Book of the week: Chequered Conflict- The Inside Story of Two Explosive World Championships, by Maurice Hamilton (Simon & Schuster £17.99

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There are already signs, as the new Formula One season is upon us, that the scandal surrounding the McLaren team has yet to be buried by all the parties concerned, even though two of the three are supposed to be keen to draw a line beneath events that so sullied the 2007 World Championship struggle.

Author Maurice Hamilton has chosen to chronicle not just 2007 but also another gripping season, 1986, in which the title also went down to the wire with three drivers in play. He was on the scene for every race in each of them, and for all of those in between, so is perfectly placed not just to tell the two very different stories but also to contrast them, and therein lies the hook in this account.

In 1986 there was a Brit, Nigel Mansell, fighting a Frenchman, Alain Prost, and a Brazilian, Nelson Piquet. Mansell and Piquet were team-mates who hated one another, while Prost was the outsider.

Fast forward to 2007, when another Brit, Lewis Hamilton, went up against his team-mate, the Spaniard Fernando Alonso, who was reigning champion, with Kimi Raikkonen as the outsider. There were tensions between Hamilton and Alonso too and, just as in 1986, the outsider came through to win.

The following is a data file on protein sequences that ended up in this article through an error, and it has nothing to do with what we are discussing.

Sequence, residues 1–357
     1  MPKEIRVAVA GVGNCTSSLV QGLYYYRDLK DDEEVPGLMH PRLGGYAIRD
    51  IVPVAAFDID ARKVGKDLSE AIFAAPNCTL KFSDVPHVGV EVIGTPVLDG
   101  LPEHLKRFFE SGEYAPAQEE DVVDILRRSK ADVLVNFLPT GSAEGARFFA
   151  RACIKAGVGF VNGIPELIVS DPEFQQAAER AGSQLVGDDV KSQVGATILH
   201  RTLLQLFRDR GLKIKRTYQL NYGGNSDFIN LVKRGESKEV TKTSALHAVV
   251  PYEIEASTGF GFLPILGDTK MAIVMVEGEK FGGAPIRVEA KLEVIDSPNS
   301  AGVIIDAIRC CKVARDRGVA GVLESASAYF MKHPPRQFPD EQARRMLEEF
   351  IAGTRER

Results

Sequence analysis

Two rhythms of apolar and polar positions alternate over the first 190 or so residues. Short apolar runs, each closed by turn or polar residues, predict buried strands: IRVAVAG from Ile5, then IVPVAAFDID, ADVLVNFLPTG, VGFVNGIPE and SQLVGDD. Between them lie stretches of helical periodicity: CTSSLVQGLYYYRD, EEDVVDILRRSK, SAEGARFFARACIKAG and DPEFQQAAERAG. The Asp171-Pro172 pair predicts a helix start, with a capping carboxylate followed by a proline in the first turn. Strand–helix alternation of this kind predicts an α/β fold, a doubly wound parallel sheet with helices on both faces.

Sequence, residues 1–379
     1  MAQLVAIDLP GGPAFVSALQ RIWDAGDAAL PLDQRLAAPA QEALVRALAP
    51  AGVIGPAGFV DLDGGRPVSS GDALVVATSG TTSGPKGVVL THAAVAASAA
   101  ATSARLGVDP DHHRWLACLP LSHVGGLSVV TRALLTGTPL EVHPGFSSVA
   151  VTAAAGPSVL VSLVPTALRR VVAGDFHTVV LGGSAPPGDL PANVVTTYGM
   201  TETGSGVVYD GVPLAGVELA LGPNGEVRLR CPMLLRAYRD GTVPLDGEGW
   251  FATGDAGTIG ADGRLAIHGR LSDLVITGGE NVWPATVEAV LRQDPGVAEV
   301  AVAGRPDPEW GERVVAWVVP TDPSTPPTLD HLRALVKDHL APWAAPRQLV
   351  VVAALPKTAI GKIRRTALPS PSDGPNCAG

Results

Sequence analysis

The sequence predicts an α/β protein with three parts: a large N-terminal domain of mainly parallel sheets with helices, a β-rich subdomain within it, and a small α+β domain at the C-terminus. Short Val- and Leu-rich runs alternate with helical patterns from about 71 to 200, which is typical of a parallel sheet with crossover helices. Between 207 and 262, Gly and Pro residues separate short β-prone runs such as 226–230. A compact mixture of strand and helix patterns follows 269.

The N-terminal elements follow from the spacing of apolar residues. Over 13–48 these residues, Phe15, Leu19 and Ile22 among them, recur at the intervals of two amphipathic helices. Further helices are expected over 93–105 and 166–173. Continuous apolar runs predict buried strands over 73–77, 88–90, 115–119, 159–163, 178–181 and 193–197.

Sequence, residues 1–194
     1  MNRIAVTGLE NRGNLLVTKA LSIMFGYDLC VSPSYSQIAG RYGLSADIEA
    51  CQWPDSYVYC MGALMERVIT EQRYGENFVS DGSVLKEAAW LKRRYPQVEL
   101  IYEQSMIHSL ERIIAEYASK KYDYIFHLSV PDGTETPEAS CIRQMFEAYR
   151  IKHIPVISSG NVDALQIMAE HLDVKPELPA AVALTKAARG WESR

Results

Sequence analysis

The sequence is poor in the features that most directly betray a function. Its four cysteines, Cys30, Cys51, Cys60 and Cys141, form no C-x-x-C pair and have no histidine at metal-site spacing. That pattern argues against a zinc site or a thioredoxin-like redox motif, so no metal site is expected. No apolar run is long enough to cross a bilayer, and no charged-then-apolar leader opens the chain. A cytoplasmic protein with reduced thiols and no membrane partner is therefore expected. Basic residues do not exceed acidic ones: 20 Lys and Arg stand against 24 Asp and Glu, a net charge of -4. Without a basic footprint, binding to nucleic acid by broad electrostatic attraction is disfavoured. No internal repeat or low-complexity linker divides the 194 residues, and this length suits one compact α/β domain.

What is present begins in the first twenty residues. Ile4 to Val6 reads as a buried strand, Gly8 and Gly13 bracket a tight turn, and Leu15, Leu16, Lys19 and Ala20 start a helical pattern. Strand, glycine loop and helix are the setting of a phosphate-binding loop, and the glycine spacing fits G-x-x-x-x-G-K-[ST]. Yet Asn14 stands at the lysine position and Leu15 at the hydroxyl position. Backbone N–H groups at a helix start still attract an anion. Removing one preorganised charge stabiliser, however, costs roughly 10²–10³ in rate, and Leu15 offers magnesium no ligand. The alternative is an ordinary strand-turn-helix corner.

But there the similarities end, for no season in Formula One history has been so acrimonious, nor so riddled with politics. Even the governing body, the FIA, had to answer allegations against its own conduct.

Primarily, this is the story of a proud man, Ron Dennis of McLaren, who was to discover in the cruellest terms that he knew less than he thought about what was happening within his team as he was betrayed by his chief designer, Mike Coughlan, who received stolen Ferrari data from his friend Nigel Stepney.

It is a parable of Formula One, primarily of its greed and self-interest. As Hamilton rightly concludes, what happened to McLaren in 2007 was motor racing's equivalent of a tsunami. When the waters receded, the sport's sense of fair play and honour had been swept out to sea.

There have, inevitably, been further developments since Hamilton's book was finished, but this remains a beautifully researched account of what happened.

But be warned: it is an unedifying tale that will change your view of a once-great sport.